Living with cold agglutinin disease, and still thankful for so much
I want to set each day with an attitude of gratitiude
“It is good to give thanks to the Lord and to sing praises to thy name, … to declare your lovingkindness in the morning and your faithfulness by night.” — Psalms 92
I dance around my bedroom singing those words to the tune of “If I Were A Rich Man” from the musical “Fiddler on the Roof.” It sets the tone for my day, cultivating an attitude of gratitude. I am living with cold agglutinin disease (CAD) and there is nothing I do without considering how it will affect me every day. I could grumble and complain about this, but I choose to be thankful instead. There is an aspect about CAD for which I can give thanks.
In CAD, self-targeting antibodies attack and destroy red blood cells at low temperatures. I was diagnosed in 2018, which brought a major change to my life. I am thankful for learning more about our magnificent human body, which constantly renews and heals itself. Although CAD destroys my red blood cells, for example, my bone marrow compensates and produces reticulocytes, or baby red blood cells, at an amazing rate.
What’s to be thankful for? I’m thankful for the pastor at one of our sending churches — which each pay part of our salary for our missionary service — who arranged for me to speak with a doctor who attends the church. That doctor immediately recognized my symptoms and arranged for me to see a hematology oncologist, who was trained in treating CAD. After a long search for a doctor who could recognize and treat my symptoms, I’m thankful that my team is located in my hometown.
Thankful for anemia, new words, medical advances, and more
I have a confession: I’m lazy and there are things I don’t want to do. CAD enables me to say “I’m just too tired” to many activities. I don’t have to lug my carry-on through airports. I can use a wheelchair. I can park in handicapped parking spaces closer to stores. I am thankful for not having to walk long distances.
I am thankful for my fancy new vocabulary. I’ve long been a logophile, a lover of words. I used to play a game with my students called “Stump the Teach.” They would search dictionaries for obscure words and if I didn’t know a word’s meaning, the students would get a point. If I knew the word’s meaning, I’d get two points. Words that CAD has added to my vocabulary include acrocyanosis, hemolysis, agglutination, and lymphoproliferative.
I am thankful for advances in medicine. When I was younger, I often despaired that I wasn’t born in the Old West in the 1870s or 1880s. That changed in 1984 when I needed a C-section. Now I’m even more grateful because Rituxan (rituximab) wasn’t developed until 1997. If I had gotten my wish of those younger years, I would be dead now.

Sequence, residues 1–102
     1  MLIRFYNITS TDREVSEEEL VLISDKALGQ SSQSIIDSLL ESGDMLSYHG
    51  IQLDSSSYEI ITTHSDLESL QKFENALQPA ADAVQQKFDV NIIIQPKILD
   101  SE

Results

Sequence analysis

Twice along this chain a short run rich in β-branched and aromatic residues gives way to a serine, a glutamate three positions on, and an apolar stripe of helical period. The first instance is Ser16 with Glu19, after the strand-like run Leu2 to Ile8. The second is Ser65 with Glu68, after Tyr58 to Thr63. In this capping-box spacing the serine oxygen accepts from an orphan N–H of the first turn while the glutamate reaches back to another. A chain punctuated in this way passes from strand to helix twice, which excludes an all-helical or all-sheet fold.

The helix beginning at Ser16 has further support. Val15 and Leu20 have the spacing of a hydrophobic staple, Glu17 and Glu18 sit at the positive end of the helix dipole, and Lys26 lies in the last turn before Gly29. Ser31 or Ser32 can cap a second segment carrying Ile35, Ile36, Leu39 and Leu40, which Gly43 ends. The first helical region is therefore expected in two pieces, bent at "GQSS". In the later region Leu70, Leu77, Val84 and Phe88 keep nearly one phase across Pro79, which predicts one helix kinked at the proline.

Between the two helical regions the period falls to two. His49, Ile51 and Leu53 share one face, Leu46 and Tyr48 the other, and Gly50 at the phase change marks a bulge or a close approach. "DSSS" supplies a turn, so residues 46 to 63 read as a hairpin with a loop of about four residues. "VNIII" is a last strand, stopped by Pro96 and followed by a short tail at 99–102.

Thankful for writing opportunities
My fourth-grade teacher bought grammar workbooks and put our class through many exercises. She assigned reports and emphasized that we couldn’t copy from the encyclopedias that we all used as our reference material. We were taught how to paraphrase, how to read and correct our reports, and the rudiments of sentence and story construction. She was tough. She was firm. She was good. I am thankful for her work, which pays off every month with this column.
I am thankful for BioNews, which has given me this writing opportunity. I’ve long dabbled in writing, as a reporter for the North Jackson Progress, in a children’s book, and by finishing NaNoWriMo — twice! But now I can truly claim I’m a professional writer. I’m having so much fun!
The long view
Finally, I am thankful for my support group of friends and my Facebook CAD group, who share this journey with me and listen to me let off steam. Having friends to walk through life and spend time with is an invaluable treasure, and I give thanks for them.
This list of is only one small part of my life. I am blessed on so many fronts. Every life has hills and valleys, defeats and victories. As I step back and take a long view of my life, I find that the challenges and temporary defeats make the victories, which there are more of, all the more sweet.
Cold Agglutinin Disease News is strictly a news and information website about the disease. It does not provide medical advice, diagnosis, or treatment. This content is not intended to be a substitute for professional medical advice, diagnosis, or treatment. Always seek the advice of your physician or other qualified health provider with any questions you may have regarding a medical condition. Never disregard professional medical advice or delay in seeking it because of something you have read on this website. The opinions expressed in this column are not those of Cold Agglutinin Disease News or its parent company, BioNews, and are intended to spark discussion about issues pertaining to cold agglutinin disease.